Nicôle Lecky
Talawa Theatre Company
Royal Court Theatre Upstairs

Nicôle Lecky Credit: Helen Murray
Nicôle Lecky Credit: Helen Murray
Nicôle Lecky Credit: Helen Murray

This co-production with Talawa is a shining example of exactly why the Royal Court has its Upstairs theatre.

As the traditional home of new writing, the Royal Court should be giving opportunities to fresh debutantes like Nicôle Lecky who can demonstrate original voices speaking about the world as they see it today. The small-scale Upstairs space is then perfect for riskier or more experimental projects i.e. those from writers with little or no track record.

Adding to the attractions, under the direction of Jade Lewis, Miss Lecky performs the solo herself, re-enacting the ups and downs faced by Sasha Clayton, a young East Londoner whose life seems to have hit a dead end in the first few minutes. The adaptable actress also proves equally adept at portraying a weird and wonderful assortment of nine characters with whom the aspiring rapper interacts and, more often than not, eventually fights.

In the opening scenes of an 80-minute-long comic melodrama with serious undertones, we meet immature, 24-year-old Sasha, in some ways a working class, 21st-century successor to the female protagonists of classic novels such as Vanity Fair or Moll Flanders.

Her vacuous life is almost perfectly summed up by a spare set featuring little more than a cash machine, which supplements Sasha-cash by spewing out uncharacteristic messages: a suitcase and a can of Red Stripe.

Starting life as the mixed-race daughter of a single parent who subsequently marries into middle-class white stock, Sasha feels like an outcast. Her primary outlet is music and an EP that is never likely to get released.

On the plus side, her long-term boyfriend Anton sounds like a good thing, although her excessive intake of alcohol and hard drugs puts the relationship under strain. It also makes home life difficult, particularly when the young woman could easily become a bad influence for her highly intelligent 15-year-old half sister.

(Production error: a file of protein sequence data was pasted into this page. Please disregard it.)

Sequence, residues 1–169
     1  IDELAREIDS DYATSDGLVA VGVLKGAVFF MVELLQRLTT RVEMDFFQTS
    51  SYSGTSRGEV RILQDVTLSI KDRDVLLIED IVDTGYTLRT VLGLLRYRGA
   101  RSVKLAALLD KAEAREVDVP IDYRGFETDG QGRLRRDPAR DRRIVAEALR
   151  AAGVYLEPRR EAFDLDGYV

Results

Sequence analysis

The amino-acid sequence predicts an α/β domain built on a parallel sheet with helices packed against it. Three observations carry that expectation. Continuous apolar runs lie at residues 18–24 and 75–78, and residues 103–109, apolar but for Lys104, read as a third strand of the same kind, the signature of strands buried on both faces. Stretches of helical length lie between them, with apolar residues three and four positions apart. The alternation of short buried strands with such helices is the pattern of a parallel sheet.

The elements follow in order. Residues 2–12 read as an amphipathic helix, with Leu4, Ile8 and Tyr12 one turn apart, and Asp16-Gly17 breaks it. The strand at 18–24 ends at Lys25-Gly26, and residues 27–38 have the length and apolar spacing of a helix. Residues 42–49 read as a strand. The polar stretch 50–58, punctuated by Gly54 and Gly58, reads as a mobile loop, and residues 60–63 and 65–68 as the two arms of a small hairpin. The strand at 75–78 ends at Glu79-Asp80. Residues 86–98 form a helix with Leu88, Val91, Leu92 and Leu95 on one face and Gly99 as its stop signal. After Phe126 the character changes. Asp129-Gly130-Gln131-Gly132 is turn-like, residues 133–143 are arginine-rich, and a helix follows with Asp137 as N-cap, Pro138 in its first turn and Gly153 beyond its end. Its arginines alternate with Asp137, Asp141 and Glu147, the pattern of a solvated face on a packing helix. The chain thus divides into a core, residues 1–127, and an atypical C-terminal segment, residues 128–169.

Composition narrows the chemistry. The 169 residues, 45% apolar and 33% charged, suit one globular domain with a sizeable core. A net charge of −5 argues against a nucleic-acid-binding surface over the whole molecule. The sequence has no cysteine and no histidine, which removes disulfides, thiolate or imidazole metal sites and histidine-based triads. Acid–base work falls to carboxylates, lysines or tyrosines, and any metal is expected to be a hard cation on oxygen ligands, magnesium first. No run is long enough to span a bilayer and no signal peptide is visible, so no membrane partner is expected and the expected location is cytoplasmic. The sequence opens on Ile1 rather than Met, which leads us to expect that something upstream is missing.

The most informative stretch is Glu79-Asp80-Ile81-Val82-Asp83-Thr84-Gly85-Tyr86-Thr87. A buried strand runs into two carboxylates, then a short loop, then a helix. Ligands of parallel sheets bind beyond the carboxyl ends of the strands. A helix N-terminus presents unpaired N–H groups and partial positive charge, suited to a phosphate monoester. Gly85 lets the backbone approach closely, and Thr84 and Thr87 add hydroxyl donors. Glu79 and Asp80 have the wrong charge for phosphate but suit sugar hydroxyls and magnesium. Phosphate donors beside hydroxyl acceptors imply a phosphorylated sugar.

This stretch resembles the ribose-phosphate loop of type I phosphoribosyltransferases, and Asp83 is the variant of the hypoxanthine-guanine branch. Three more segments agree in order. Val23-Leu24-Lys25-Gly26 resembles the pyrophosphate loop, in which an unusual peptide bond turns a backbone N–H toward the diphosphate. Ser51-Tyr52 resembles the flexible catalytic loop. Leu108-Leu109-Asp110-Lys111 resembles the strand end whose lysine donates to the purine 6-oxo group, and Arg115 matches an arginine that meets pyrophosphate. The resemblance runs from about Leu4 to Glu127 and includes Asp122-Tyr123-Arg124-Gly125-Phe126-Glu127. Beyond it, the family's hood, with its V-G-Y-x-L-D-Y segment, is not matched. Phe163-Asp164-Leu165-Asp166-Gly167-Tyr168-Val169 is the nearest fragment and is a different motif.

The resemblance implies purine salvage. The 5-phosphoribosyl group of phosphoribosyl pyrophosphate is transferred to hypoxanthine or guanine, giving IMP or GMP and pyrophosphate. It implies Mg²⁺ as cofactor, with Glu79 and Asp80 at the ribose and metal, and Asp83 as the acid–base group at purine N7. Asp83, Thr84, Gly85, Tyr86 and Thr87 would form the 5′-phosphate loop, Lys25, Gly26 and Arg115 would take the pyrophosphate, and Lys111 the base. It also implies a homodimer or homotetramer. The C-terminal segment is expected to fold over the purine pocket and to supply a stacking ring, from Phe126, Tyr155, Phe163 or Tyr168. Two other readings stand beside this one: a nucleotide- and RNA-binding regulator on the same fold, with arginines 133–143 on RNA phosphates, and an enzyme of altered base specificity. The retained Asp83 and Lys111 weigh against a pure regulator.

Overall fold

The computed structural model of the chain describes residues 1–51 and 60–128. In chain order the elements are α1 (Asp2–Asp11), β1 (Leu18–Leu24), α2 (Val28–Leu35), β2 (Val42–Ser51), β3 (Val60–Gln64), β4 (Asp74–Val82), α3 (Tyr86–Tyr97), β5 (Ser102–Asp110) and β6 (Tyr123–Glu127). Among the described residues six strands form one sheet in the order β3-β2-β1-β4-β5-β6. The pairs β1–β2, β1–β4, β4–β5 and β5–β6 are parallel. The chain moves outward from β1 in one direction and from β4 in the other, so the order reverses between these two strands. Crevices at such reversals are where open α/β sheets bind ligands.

After one too many intoxicated episodes, Sasha finds herself on the street, briefly given sanctuary by a sleaze ball with mental problems before being “saved” by a Northern soul sister.

What initially impresses as a purely altruistic gesture soon exposes itself as something a little more commercial, when the Dickensian-named Carly Visions entices Sasha into the lucrative world of online sexual fantasy, before taking her several steps further to become the fully fledged Superhoe of the title.

What starts out as a light comedy with potentially tragic overtones eventually becomes a little darker before an ending that is a little too convenient for a play taking on such serious subject matter.

Although there are brief references to the fashionable topic of child abuse, this is not explored in any depth, which is a pity since it would have been interesting to understand its impact on a damaged and troubled woman.

While Superhoe may not be a perfect piece of theatre, Nicôle Lecky shows great promise both as a writer and actor and might even have an alternative career on the cards as a rapper, on this occasion delivering songs that she co-composed with The Last Skeptik. She is definitely one to follow.

Reviewer: Philip Fisher

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